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Massachusetts Board of Library Commissioners Resource Guide Collection

MPLCP Library Building Programs: Essential Elements

Patience says:

The program document should begin with a description of your community and of the library's history. This can be derived from such existing documents as your Planning Process, an annual report or a published history of the Town or Library. Keep in mind that your primary audience is the Architect and his or her colleagues.

State Regulations say:

605 CMR 6.06(6) says that applications [for Standard Grants round must include a copy of the Library Building Program. Required elements are listed in the "Essential Elements" box.

Essential elements

The Library Building Program must include:

  • a concise history of the library and the community;
  • community analysis with demographics and a 30 year population projection
  • the library's mission, values, and service roles;
  • previous and current facility and organizational planning efforts, if applicable, including strategic plan and/or master plan excerpts involving facility improvement goals;
  • description of the existing building;
  • analysis of current collections, services, and programs;
  • pertinent trends and statistics, including staffing and public use;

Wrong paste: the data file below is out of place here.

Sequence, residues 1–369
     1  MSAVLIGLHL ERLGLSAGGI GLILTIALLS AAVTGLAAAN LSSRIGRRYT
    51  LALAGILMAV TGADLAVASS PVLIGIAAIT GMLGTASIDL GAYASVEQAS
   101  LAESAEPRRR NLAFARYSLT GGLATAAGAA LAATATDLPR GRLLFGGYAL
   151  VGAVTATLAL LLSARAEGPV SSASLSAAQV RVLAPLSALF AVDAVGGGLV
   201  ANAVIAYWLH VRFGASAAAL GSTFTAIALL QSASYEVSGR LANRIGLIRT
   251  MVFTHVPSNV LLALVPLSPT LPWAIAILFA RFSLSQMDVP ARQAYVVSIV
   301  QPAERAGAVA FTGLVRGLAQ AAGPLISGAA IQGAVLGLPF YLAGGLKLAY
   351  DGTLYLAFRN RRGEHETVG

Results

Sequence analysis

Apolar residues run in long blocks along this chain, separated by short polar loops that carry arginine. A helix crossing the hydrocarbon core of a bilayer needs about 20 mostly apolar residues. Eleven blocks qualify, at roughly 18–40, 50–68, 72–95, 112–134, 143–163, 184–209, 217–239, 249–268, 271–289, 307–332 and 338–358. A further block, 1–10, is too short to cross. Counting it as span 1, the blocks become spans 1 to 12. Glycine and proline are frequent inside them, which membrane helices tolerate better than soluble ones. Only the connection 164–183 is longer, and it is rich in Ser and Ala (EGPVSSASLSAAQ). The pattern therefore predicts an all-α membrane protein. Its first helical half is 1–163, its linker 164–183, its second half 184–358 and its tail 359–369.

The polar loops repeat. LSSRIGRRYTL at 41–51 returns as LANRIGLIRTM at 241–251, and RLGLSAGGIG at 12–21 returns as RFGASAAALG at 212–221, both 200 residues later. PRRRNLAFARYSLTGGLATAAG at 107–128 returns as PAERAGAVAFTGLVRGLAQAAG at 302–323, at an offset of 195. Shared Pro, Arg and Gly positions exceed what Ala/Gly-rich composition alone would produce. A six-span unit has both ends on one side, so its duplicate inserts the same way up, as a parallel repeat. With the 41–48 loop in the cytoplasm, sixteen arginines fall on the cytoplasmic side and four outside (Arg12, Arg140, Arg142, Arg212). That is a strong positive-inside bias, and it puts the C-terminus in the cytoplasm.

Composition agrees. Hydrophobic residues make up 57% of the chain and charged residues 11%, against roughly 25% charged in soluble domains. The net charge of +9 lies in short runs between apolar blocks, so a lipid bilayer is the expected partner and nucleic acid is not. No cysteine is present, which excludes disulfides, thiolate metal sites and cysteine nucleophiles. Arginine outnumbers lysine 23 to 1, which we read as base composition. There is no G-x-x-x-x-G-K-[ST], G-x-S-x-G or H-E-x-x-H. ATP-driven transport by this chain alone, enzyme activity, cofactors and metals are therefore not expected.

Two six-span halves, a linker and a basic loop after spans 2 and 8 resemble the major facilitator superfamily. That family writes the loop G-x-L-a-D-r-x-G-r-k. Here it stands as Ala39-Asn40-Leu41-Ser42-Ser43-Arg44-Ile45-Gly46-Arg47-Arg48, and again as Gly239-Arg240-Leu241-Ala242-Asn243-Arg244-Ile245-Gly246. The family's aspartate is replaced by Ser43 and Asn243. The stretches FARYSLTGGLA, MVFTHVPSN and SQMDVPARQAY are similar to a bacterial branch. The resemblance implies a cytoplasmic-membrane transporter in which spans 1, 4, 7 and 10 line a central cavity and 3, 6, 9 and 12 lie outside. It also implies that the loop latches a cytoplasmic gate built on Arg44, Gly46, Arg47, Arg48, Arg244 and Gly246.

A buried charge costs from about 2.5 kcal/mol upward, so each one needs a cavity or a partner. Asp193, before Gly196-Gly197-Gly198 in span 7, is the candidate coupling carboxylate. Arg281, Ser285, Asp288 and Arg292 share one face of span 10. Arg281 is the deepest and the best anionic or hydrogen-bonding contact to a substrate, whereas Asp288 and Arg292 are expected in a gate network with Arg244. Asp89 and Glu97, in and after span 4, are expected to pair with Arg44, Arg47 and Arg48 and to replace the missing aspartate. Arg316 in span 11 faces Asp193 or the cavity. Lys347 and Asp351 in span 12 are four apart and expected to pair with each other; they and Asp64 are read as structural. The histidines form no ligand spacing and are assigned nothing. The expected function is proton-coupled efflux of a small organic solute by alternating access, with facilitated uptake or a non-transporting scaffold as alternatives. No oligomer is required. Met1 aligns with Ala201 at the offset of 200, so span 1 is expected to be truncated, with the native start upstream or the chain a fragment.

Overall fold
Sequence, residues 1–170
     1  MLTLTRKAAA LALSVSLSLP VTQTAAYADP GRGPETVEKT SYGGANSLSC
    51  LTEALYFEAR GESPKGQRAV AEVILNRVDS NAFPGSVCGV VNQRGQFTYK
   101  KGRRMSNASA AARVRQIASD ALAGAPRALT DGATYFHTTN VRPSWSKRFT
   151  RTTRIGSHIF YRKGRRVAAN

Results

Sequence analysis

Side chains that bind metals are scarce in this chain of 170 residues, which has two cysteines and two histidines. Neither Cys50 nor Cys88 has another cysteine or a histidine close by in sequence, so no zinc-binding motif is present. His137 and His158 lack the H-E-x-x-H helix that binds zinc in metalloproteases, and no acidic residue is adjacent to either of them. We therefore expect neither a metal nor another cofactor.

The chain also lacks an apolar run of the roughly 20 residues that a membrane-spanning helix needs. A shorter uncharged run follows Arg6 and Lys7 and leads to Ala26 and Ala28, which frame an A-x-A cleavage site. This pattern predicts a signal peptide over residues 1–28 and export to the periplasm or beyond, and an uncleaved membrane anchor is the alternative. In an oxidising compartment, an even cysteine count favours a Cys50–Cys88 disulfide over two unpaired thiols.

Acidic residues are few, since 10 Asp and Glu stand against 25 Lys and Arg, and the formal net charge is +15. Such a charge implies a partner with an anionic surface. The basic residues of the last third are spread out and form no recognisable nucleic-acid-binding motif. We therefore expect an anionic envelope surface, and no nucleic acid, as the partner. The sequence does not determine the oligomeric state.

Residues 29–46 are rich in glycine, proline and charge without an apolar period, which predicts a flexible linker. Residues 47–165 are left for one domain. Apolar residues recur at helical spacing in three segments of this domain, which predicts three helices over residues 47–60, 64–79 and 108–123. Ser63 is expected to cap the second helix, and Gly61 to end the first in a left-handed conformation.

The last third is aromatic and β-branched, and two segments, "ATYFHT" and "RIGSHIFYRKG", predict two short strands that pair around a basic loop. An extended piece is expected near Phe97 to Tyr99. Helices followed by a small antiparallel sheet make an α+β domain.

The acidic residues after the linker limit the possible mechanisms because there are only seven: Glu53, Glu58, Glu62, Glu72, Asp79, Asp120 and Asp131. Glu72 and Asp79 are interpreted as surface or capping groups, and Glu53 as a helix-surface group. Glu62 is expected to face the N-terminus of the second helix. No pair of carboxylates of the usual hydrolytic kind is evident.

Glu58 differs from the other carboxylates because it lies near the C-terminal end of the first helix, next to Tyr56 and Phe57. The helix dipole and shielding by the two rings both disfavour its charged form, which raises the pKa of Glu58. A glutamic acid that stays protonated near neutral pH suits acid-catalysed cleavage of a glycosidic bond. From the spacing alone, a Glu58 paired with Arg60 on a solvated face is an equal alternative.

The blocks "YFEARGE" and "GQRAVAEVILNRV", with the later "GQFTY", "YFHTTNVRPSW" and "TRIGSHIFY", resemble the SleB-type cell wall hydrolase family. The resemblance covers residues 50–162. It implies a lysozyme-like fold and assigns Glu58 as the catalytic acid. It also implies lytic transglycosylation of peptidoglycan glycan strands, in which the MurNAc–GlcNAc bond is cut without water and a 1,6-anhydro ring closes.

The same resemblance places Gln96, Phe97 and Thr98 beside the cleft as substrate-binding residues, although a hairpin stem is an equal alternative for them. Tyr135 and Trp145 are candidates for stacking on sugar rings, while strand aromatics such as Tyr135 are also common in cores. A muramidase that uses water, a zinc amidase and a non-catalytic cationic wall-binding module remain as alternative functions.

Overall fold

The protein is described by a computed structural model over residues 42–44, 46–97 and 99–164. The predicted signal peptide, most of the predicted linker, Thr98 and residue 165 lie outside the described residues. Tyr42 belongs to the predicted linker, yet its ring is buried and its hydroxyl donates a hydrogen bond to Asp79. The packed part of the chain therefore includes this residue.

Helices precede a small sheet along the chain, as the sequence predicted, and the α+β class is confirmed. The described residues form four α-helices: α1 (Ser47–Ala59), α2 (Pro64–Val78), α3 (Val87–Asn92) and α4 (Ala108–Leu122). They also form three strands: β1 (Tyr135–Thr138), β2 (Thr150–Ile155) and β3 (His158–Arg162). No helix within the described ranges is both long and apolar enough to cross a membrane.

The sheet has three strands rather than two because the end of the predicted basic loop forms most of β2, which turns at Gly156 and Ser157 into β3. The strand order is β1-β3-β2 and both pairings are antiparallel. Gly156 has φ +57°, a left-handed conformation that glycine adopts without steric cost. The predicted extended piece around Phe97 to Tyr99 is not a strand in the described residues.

• a Needs Assessment
  • site & exterior considerations;
  • area descriptions including primary services/functions, seating capacity, collection capacity, occupancy, furniture and equipment, architectural or other considerations, adjacencies, and net square footages; for shared building public library projects, area descriptions of any proposed shared spaces must be included;
  • preliminary total gross square footage figure based on all area descriptions and guidelines from the publications Library Space: A Planning Resource for Librarians and Building Blocks for Planning Functional Library Space and including at least 30% allowance for unassigned space;
  • energy-related goals for the library/community;
  • diversity, equity, and inclusion priorities for the new building and how this program addresses them;
  • special circumstances for the library and/or the community not included elsewhere in the building program;
  • requirements for:
    • sustainability
    • accessibility
    • security
    • acoustics
    • data & telecommunications
    • lighting & electrical
    • furniture, fixtures & equipment
    • ergonomics
    • signage;
  • evidence of community engagement efforts in creating the Library Building Program;
  • photographs with descriptive captions (site, building exterior, building interior) of existing facility as well as potential new locations, as applicable.

What, not how

The building program must concentrate on telling the architect what must be done, not how it should be done! The major contribution made by the architect to the project is skill in design. Therefore, the program should deal in concepts, information and data. No attempt should be made to draw floor plans or to use other devices to force a particular solution on the design professionals.

--From Planning Library Buildings and Facilities: From Concept to Completion (1989), p. 44, by Raymond M. Holt